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Close call as satellites speed past each other at 53,000km an hour


Jan. 30, 2020

Two satellites travelling through space at 53,000 kilometres an hour had a close call on Wednesday.
The decommissioned pieces of technology - one a pioneering international space telescope launched in 1983 and the other an experimental US craft launched in 1967 - were travelling in opposite directions and passed each other 900km above the US city of Pittsburgh.
LeoLabs, a company focusing on space debris tracking and collision prevention, monitored the movements of the two satellites and shared its findings on Twitter.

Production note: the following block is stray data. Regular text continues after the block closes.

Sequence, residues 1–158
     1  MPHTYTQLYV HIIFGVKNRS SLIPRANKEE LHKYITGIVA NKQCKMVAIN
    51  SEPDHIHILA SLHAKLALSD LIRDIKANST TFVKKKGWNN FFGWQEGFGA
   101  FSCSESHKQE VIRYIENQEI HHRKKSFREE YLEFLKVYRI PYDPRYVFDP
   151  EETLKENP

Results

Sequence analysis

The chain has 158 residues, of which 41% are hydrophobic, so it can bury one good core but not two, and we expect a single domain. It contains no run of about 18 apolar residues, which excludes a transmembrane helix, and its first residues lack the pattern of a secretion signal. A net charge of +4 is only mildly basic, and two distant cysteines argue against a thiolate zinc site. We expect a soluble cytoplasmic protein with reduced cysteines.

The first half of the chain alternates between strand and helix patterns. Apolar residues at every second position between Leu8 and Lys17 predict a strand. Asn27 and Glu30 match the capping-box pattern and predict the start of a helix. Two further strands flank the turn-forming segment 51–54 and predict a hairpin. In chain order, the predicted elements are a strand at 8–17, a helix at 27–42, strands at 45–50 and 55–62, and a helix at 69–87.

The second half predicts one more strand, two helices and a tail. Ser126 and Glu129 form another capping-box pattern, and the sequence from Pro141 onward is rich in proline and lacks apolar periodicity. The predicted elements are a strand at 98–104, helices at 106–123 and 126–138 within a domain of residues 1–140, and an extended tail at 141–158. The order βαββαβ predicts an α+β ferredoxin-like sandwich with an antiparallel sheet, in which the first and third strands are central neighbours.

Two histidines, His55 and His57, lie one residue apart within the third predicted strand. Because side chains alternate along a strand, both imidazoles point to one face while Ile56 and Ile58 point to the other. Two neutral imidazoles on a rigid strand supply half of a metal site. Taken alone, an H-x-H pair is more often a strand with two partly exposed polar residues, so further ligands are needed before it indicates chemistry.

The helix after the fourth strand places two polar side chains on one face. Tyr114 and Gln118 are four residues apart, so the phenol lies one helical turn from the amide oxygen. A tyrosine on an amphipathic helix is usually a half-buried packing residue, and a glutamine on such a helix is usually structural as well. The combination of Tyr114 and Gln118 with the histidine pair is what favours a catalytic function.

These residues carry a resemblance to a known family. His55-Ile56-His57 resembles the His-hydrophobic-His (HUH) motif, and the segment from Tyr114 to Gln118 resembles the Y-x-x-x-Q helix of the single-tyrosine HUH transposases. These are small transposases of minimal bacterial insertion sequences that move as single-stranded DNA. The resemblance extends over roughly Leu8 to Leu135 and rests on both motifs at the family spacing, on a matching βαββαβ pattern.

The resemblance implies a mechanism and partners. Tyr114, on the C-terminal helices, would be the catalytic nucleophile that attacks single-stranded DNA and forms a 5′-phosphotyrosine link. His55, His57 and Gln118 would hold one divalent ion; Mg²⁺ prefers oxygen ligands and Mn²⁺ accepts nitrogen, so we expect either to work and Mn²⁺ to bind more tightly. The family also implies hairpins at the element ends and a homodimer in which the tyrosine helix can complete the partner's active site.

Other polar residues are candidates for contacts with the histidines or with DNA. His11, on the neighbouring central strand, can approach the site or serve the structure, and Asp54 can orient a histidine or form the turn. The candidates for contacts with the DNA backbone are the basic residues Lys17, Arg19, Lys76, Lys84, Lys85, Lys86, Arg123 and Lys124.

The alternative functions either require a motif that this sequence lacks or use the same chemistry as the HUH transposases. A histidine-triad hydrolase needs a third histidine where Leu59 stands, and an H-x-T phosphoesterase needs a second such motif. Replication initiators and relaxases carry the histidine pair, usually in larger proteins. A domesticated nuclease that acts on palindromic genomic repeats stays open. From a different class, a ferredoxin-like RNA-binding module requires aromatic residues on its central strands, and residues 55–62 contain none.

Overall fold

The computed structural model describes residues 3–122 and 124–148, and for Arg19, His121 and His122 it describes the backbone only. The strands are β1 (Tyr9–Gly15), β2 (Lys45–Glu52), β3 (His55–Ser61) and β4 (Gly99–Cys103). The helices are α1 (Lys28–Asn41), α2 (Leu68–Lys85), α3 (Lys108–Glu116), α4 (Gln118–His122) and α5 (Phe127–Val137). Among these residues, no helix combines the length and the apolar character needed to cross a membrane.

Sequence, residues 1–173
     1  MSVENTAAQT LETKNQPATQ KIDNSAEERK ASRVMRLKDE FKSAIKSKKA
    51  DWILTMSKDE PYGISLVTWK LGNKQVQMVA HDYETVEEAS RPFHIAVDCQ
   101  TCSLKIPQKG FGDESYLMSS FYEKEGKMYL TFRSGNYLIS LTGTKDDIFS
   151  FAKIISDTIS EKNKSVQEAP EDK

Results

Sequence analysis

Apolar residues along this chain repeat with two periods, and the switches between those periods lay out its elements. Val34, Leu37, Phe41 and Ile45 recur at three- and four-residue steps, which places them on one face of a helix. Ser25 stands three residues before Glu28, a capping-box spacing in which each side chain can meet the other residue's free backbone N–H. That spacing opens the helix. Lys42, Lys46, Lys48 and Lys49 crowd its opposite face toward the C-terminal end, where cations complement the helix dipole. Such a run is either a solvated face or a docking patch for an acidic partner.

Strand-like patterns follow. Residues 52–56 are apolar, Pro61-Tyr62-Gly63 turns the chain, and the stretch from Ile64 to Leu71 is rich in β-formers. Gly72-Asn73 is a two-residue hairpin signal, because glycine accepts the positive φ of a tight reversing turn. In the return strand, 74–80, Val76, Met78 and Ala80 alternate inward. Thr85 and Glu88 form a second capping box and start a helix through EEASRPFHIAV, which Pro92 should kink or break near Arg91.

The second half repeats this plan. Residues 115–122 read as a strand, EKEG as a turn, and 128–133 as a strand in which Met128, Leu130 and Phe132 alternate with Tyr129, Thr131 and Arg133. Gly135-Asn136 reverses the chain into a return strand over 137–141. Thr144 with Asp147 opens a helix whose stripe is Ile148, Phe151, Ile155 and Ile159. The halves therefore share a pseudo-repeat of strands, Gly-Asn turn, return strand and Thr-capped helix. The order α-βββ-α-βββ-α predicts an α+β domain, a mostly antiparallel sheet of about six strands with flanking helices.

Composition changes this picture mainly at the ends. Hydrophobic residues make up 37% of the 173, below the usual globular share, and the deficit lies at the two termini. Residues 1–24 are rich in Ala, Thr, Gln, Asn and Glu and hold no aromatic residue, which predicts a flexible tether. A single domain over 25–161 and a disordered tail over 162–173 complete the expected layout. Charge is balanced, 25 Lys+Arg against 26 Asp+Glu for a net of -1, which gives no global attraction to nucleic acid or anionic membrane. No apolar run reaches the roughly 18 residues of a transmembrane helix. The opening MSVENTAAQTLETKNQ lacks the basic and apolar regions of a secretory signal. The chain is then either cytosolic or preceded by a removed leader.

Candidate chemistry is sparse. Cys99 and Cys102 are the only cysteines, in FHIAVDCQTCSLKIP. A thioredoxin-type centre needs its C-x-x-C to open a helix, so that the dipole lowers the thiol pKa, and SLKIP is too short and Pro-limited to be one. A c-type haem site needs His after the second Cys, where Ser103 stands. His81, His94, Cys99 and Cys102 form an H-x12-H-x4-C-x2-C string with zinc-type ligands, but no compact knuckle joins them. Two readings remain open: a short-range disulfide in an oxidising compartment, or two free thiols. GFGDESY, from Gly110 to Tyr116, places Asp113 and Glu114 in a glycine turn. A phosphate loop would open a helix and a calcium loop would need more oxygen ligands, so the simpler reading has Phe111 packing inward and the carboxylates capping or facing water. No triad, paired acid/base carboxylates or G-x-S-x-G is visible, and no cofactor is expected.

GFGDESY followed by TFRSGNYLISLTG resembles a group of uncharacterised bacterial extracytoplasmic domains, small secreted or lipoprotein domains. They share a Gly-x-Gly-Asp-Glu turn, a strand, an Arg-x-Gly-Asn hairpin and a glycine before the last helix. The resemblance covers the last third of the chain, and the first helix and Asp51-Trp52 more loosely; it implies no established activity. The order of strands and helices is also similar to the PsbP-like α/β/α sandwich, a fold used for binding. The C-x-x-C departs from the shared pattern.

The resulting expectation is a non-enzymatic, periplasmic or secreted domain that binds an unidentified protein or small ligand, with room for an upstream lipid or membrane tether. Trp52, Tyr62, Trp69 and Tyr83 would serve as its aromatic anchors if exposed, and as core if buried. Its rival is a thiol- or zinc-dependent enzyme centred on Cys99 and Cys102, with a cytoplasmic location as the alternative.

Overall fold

It predicted the satellites missed each other by just 12 metres. The probability of collision was calculated to be one in 20.
LeoLabs continued to monitor the paths of each satellite but confirmed its data showed there was no new evidence of debris. It said it would assess the situation again when the objects passed each other over its Kiwi SpPace Radar located in Central Otago.
This type of crash, though quite rare, had the potential to cause widespread damage to other spacecraft orbiting Earth.
There would have been no threat to the US city it happened above as the debris would have deteriorated in the atmosphere before reaching Earth.
There hasn't been a large collision since 2009 when an active communication satellite and a decommissioned Russian satellite crashed, sending 1000 large objects into Earth's low orbit.
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